Ever wish you could take that email back?

It wouldn’t hurt any of us to hesitate a second and review our emails before hitting the “send” button.

Some people have learned that the hard way. And, boy, have there been some whoppers.

Can you imagine accidentally emailing:

  • Confidential salary information – to the entire company
  • A nasty comment about your supervisor – to your supervisor
  • A job offer – to the wrong applicant
  • A derogatory email about a customer – to the customer
  • A job application – to your current boss
  • Confidential information about a client – to another client
  • Price information meant for a vendor – to a customer

Those are just a few of the embarrassing blunders reported by 250 executives across the country in a survey by the Robert Half consulting firm.

In fact, 78 percent of those executives themselves say they have mistakenly emailed someone the wrong message or copied someone on a message without intending to.

Not surprisingly, some of the email gaffes above resulted in the termination of the employee.

And, in other cases, breaches of email etiquette can adversely affect the sender’s career prospects.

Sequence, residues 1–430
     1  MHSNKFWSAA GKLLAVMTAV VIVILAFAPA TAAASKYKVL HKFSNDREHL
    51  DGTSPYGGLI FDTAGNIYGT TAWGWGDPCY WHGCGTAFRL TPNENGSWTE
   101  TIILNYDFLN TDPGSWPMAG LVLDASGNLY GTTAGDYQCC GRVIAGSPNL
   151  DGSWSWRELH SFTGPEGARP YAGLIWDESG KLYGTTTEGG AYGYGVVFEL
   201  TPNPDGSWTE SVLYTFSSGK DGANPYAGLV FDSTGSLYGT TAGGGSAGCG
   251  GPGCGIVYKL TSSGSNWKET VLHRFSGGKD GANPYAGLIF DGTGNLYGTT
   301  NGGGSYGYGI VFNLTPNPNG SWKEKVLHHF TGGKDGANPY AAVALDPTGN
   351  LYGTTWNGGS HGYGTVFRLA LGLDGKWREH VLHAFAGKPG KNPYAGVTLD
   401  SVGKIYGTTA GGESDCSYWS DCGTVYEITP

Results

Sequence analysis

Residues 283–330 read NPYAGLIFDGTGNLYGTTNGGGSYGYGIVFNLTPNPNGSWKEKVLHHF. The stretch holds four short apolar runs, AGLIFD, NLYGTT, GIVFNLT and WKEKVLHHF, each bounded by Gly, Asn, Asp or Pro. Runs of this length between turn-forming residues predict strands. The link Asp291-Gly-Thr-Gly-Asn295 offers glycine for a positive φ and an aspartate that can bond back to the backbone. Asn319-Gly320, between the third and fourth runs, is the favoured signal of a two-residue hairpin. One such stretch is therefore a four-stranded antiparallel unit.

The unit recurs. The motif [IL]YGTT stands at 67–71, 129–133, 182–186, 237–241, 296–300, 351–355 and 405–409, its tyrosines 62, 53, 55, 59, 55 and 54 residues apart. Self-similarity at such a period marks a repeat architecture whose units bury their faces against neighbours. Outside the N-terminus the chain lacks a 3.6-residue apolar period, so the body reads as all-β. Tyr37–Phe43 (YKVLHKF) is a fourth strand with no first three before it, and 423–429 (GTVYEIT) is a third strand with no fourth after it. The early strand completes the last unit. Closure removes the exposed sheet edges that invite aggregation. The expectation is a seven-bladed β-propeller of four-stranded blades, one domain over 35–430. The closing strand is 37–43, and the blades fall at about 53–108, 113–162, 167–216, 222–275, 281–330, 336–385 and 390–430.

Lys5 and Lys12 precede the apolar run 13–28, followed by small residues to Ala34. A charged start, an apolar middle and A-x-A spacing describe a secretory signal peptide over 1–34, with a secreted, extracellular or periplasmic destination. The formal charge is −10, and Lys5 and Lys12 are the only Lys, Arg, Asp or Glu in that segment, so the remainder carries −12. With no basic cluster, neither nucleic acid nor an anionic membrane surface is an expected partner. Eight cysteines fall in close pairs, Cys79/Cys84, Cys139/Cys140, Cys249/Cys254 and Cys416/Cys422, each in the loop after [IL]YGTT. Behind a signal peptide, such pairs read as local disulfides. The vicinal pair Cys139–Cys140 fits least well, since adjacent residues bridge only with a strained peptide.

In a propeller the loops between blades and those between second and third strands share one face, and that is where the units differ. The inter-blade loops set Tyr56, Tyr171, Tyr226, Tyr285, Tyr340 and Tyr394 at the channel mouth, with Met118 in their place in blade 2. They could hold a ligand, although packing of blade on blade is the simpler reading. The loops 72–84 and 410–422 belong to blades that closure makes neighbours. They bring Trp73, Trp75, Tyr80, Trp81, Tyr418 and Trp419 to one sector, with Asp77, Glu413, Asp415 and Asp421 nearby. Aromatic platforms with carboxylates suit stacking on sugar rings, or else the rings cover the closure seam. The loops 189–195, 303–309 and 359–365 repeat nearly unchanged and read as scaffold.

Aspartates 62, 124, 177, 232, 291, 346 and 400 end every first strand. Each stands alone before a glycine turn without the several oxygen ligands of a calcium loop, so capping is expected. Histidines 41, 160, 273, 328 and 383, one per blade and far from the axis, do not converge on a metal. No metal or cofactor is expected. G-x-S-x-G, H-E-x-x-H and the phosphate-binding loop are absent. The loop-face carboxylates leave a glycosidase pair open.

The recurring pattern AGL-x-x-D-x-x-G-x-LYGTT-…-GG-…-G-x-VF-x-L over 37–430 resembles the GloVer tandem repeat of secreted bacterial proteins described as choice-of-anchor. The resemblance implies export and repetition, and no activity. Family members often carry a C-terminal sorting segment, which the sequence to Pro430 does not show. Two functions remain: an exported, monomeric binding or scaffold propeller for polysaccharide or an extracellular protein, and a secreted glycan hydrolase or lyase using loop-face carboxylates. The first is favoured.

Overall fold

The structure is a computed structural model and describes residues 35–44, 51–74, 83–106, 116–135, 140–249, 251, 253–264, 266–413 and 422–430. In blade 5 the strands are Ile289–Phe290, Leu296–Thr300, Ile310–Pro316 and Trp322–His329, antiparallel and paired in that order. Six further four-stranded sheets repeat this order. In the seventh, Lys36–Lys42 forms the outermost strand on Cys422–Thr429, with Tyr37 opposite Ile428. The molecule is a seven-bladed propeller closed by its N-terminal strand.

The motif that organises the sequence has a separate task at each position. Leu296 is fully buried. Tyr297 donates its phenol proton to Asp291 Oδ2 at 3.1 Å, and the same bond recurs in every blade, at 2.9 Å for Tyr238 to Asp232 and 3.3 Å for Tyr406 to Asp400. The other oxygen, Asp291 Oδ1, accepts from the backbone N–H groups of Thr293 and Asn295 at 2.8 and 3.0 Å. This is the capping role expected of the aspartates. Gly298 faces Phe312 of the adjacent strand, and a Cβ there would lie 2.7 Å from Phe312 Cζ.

Three of four of the executives surveyed said technology etiquette breaches could somewhat (61 percent) or greatly (15 percent) hurt the employee’s career. One quarter said, “Not at all.”

In Business Etiquette: The new rules in the digital age, the Robert Half staffing firm addresses some of the fine points of email etiquette:

  • Be kind. It is commonly known that using all CAPS is “cybershouting.” But emailing critical, negative or bad news is also a no-no. Negative news should be handled face-to-face or by phone.
  • Be considerate. Succinctly summarize your email request. Don’t expect the recipient to read through a long thread of previous emails.
  • Be clear. Always, always include a subject line and immediately let the recipient know if you need something or if the email is just FYI.
  • Be concise. The less you write and send, the more your emails will be read. Be cordial, but get to the point. Use bullets, which are easier to read than long blocks of type. Consider zipping large attachments to ensure they reach the intended recipient.
  • Be timely. Respond to all messages in a timely manner and within 24 hours at most. If you say you’ll answer more fully later, be sure to follow up. If you are away from the office or email, be sure to put on an out-of-office message so people don’t wonder why you haven’t responded.
  • Be humble. Is your email really so important it needs a red flag? Or are you just being impatient? And is it really necessary to “reply to all”? Bad “reply to all” threads run rampant in many organizations.
  • Be careful. The list of painful examples at the top should be warning enough. Always review your distribution list before hitting the “send” button and reply with care.